Arkansas on Tuesday became the first state in the US to prohibit physicians from providing gender-affirming treatment for trans people under age 18, after the state's General Assembly voted to override the governor's veto of an anti-trans bill that he called a "vast government overreach", CNN reports.
The state's Republican-controlled House voted to override Republican Gov. Asa Hutchinson's veto of HB 1570 Tuesday afternoon, with the Republican-controlled Senate doing the same shortly after.
The action was swiftly denounced by LGBTQ advocates, who vowed to mount a legal challenge against the law.
The Arkansas Save Adolescents from Experimentation (SAFE) Act passed the state Senate late last month by a vote of 28-7. The state House had passed it in early March by a vote of 70-22.
The bill makes what it calls an "exception" for some intersex people with unspecified chromosomal makeup and hormone production, and those with difficulties resulting from previous gender-affirming treatments.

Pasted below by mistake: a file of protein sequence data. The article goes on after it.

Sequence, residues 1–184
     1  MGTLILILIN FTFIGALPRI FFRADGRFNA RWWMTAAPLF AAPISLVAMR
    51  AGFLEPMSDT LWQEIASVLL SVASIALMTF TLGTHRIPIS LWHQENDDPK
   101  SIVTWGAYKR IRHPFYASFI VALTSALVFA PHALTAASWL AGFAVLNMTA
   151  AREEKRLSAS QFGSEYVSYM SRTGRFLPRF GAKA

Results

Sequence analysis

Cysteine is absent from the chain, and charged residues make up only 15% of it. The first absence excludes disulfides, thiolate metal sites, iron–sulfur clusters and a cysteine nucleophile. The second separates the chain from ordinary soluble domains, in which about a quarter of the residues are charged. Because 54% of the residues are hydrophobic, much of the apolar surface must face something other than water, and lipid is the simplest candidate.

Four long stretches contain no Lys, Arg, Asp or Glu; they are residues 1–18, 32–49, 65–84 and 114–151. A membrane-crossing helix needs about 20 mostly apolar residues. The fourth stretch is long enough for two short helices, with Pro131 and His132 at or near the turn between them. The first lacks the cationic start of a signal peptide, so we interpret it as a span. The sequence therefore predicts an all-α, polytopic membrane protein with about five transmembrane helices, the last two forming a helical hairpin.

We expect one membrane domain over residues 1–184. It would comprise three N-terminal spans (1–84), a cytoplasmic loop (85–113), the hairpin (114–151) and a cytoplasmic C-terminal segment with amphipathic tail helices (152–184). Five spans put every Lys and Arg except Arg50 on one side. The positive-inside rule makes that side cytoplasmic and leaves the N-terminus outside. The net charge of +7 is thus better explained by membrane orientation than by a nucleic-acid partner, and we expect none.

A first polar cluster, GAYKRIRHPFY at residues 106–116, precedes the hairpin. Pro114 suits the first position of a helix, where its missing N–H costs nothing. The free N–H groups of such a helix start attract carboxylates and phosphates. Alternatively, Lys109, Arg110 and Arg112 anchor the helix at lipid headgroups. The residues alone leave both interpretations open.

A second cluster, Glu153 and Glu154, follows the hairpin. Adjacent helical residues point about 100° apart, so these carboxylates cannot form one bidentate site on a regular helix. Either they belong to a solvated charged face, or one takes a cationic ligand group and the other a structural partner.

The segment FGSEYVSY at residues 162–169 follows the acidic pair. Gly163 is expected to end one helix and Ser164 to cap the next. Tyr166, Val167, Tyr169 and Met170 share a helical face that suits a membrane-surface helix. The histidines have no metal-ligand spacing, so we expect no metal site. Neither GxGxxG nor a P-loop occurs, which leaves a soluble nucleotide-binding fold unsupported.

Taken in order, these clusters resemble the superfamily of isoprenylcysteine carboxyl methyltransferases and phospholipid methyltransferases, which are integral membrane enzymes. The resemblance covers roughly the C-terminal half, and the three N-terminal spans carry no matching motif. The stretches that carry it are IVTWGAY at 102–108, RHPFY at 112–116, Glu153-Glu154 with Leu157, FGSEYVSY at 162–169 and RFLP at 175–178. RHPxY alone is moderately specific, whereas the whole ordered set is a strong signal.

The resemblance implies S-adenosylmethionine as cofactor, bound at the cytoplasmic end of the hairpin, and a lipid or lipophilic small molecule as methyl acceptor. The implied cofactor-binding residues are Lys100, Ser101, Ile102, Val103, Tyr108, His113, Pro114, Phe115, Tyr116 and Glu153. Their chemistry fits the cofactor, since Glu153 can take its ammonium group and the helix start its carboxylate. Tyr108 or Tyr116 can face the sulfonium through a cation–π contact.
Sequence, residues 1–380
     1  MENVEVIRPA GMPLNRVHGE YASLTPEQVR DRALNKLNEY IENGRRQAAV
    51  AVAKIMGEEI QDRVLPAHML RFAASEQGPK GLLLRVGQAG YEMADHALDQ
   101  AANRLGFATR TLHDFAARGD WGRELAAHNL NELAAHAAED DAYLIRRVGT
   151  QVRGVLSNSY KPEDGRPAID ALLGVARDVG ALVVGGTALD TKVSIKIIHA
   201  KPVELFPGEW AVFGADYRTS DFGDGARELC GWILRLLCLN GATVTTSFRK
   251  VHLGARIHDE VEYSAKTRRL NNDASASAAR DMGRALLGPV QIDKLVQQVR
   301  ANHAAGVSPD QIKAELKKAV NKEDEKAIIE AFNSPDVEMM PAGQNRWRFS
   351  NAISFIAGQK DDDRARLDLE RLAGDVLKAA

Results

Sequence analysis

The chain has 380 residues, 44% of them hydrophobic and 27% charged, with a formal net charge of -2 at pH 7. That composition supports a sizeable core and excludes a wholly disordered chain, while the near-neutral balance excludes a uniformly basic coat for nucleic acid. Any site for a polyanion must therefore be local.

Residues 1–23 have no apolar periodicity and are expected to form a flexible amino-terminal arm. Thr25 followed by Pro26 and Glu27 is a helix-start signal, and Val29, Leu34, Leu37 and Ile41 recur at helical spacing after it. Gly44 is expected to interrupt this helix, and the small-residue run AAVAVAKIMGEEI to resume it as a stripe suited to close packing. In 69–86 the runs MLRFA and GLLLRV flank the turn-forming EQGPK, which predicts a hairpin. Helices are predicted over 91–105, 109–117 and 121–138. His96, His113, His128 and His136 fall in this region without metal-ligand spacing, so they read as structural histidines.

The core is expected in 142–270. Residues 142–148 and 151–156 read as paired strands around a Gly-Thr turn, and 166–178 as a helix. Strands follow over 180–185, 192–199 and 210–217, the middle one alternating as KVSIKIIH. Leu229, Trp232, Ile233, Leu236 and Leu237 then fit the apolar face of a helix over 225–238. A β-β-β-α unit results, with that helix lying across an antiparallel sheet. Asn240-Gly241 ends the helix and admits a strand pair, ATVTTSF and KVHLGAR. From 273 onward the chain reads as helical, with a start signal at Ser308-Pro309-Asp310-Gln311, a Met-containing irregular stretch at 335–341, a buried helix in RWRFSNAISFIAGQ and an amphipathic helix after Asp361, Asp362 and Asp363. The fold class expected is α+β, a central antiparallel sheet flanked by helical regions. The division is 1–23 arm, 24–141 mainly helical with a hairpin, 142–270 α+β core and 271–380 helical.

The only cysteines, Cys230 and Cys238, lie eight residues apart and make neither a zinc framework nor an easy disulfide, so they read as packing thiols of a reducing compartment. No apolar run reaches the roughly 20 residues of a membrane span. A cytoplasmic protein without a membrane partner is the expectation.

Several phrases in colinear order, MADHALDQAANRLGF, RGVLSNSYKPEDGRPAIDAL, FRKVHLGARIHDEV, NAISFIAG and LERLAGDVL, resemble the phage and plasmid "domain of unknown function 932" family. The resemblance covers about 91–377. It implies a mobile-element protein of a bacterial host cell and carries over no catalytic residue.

It also bans so-called cross-hormone therapy, a gender-affirming treatment that allows for trans people to change their physical appearance to be more consistent with their gender identity.
Hutchinson vetoed the legislation on Monday, calling it "a product of the cultural war in America," and arguing it creates "new standards of legislative interference with physicians and parents as they deal with some of the most complex and sensitive matters involving young people."
The governor told reporters following his veto that he expected legislators to override it, according to CNN.